“Every vice will have its own proper punishment. The proud will be faced with every confusion and the avaricious pinched with the most abject want. One hour of suffering there [Hell] will be more bitter than one hundred years of the most severe penance here. In this life men sometimes rest from work and enjoy comfort and friends, but the damned will have no rest or consultation”

        I reflected upon this and thought, “if people really believe this is true then it makes their god into a sadist”.

        Liked by 1 person

        • Indeed it does, Peter. People can focus on the supposed prosocial behavior of Jesus, but conveniently distract from the anti-social behavior as exhibited in the Book of Revelation. Apparently, the apple doesn’t fall far from the tree.

          Like

          • We hear repeated so often about the love of God, but do we really see evidence of it?

            I suppose what I have concluded is that actual practical love seems less among the fundamentalist and greater among the liberal.

            I used to hear talks about how the wrath of God was somehow part of his love.

            Liked by 1 person

            • “I used to hear talks about how the wrath of God was somehow part of his love.”

              Reminds me of this:

              I also agree with Carlin when he also said: “If this is the best God can do, I’m not impressed.”

              Btw, I got your email about the aurora in your neck of the woods.

              Just wow. I hope to see such a spectacular sight before I die.

              Like

        • Peter, you wrote: “I think I have over developed the synapses associated with worry since then. Having worked for some decades as a Risk Manager probably did not help.”

          Probably due to increased gray matter volume in the right amygdala. Neuroscientist and physiologist Kathleen Taylor wrote a book titled “Brainwashing: The Science of Thought Control” This was back in 2004. She came up with a theory — what is now called neuroplasticity. In the book she describes the physiology behind neurological pathways which include webs of neurons containing dendrites, axons, and synapses.

          Taylor stated that “certain brains with more rigid pathways will be less susceptible to new information.” She referred to neurological science to demonstrate that brainwashed individuals have more rigid pathways, and that that rigidity can make it unlikely that the individual will rethink situations or reevaluate their beliefs.

          Now, what’s so interesting is that she explains that repetition is an integral part of brainwashing techniques because connections between neurons become stronger when exposed to incoming signals of frequency and intensity. It’s pretty obvious that Hitler brainwashed the masses in Germany into believing that the Jews were an inferior race, deserving of death — genocide. We can certainly see this mindset in the Bible, i.e., Numbers 31.

          Now we have actual neural imaging of those neurons becoming stronger and networking.

          Liked by 1 person

  22. Such a wonderful article. You can really see the similarities. I think the guilt is the main part. So many Christians I’ve talked to go on about not being worthy and Jesus’ sacrifice etc. It shows how their guilt has been used against them. It’s emotional blackmail and every hanging Jesus form is a reminder to the believer that they’re guilty of being human.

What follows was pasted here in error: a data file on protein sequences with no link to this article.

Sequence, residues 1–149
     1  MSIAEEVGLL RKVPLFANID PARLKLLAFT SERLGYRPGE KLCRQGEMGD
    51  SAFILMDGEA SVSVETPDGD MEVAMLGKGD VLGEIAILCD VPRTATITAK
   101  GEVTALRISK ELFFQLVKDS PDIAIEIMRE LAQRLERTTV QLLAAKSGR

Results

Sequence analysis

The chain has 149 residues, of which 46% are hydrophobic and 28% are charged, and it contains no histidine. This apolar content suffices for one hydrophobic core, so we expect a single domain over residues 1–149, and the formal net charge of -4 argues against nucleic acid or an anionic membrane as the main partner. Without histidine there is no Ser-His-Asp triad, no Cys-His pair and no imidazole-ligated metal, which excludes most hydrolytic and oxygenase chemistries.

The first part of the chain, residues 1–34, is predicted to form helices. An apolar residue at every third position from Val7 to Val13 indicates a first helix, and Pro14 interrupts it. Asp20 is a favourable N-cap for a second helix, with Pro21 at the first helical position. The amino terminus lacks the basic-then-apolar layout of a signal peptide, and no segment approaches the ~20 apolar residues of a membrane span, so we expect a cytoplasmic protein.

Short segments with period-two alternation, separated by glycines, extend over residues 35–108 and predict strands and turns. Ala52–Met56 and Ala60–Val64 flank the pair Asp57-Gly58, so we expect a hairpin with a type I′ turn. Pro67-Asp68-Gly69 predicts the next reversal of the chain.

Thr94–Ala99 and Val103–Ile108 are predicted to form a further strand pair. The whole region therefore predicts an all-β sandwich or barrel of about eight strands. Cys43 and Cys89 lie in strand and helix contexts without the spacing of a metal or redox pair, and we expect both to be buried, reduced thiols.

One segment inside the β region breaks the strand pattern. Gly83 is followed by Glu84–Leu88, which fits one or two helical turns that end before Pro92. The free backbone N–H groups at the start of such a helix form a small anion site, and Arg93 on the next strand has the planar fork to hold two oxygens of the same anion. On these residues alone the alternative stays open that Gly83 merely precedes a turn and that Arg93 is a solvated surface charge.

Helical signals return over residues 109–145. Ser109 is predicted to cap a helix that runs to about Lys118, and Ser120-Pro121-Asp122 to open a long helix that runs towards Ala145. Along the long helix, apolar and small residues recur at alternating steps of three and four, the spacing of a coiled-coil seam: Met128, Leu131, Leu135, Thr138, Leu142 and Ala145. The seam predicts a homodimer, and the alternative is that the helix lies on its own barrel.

Liked by 1 person

    • Thank you, GC. I wholeheartedly agree about the guilt being the main part, and you are spot on about the continuous reinforcement of that guilt. It is astounding to me to read over and over and over here on WordPress, evangelical Christians admitting how unworthy they are and the constant repeating of the term “sinner”. It is indeed emotional blackmail, but they can’t see it. They are brainwashed.

      Liked by 1 person

  23. Pingback: Redefining Morality | Amusing Nonsense

  24. I enjoyed this post and the comments. WOW is all I have to add. -mike

    Liked by 1 person

  25. Finally I have some time to spend reading this more carefully. Interestingly the first thing that ran through my mind was the intent of those who put together the bible really to brainwash or control? Probably. But I wonder how much academic study had gone into logic, argumentation, and rhetoric at the time in history? Did they think they were intentionally being con artists playing on human psychology or did they simply know limited ways to convince people of what they believed was an important message? I do think the Greeks from a philosophical point of view had put together some fairly solid rules for reason and rational thought and the human mind has changed so little over the course of civilization that I am sure methods of manipulation were well understood. But like we were talking on the phone the other day, the guy who believes he is being caring by telling me I’m going to hell and doesn’t want me to go there, perhaps simply doesn’t know a better way to be caring. But whatever the original intent, there is no question that once we have the scientific method, once we have a firm handle of logic and logical fallacies, such manipulation becomes wholly immoral. It seems to me that the real manipulation comes from those who use the bible and utilize such harmful passages to control followers.